Why farmers voted for BJP -Parth MN
Modi, with his brilliant communication skills along with the media at his disposal, managed to convince farmers to give him a longer rope
A senior farm leader had once told me in a regretful tone: “Whenever farmers are denied their rightful crop insurance, or they are harassed by banks for loan recovery, they come to us. We agitate, protest and resist the system’s bullying of farmers. But the same farmers never vote for us. They vote for the usual suspects that are never around when farmers are in crisis.”
The outcome of the 2019 general election has made me revisit that conversation. After the Narendra Modi-led BJP swept the polls with an even bigger mandate than in 2014, several people asked me how the farm movements over the past five years did not reflect in the results at all.
According to the National Crime Records Bureau, the incidents of agrarian clashes increased by 327 per cent from 2014 to 2015 – a year into Modi’s prime ministership. Nearly 630 cases were recorded in 2014, while in 2015, the number reached 2,683. The number of people arrested over the incidents rose from 3,540 to 10,353. The trend did not cease until the very end of Modi’s first term. To be honest, the previous governments were almost as apathetic in dealing with the farmers. More than 3 lakh farmers have killed themselves in India between 1995 and 2015. But Modi inherited the crisis, and did a remarkable job of intensifying it. Ashok Gulathi, Infosys Chair Professor for Agriculture at ICRIER, examined the agriculture growth in India under all the prime ministers since economic liberalisation. Under PV Narasimha Rao, it was 2.4 per cent, which grew to 2.9 during Atal Bihari Vajpayee’s regime between 1999 and 2004. The 10 years of Manmohan Singh-government recorded 3.7 per cent agriculture growth. In the first four years of Modi, however, it was merely 1.9 per cent, lowest among all.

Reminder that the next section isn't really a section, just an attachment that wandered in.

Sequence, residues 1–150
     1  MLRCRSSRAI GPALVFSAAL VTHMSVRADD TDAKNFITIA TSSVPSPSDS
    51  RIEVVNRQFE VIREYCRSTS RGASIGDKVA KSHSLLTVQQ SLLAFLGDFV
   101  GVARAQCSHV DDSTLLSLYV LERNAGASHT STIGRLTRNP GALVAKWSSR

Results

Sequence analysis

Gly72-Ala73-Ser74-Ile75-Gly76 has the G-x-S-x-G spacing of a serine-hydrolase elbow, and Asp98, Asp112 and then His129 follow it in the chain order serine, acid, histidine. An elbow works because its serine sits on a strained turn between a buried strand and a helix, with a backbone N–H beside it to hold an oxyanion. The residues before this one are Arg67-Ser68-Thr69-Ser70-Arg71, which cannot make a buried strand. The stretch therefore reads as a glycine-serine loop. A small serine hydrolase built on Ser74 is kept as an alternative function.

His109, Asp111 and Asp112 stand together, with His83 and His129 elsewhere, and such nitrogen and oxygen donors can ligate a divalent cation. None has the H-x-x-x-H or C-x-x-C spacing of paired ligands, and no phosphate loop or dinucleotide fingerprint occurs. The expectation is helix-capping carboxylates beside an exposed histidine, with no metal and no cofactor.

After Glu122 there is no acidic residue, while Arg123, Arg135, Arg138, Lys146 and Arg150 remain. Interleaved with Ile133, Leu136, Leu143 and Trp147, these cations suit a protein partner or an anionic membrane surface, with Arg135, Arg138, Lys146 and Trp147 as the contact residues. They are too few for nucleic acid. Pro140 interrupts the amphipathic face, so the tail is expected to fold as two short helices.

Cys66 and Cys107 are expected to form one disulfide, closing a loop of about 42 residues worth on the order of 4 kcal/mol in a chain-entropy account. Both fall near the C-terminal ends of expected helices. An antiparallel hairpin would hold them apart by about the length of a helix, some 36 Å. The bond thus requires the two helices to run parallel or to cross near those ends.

Moreover, people thought decisions such as demonetisation and beef ban, which directly had an adverse impact on farmers, would reflect in the outcome of the elections. However, May 23 told a different story.
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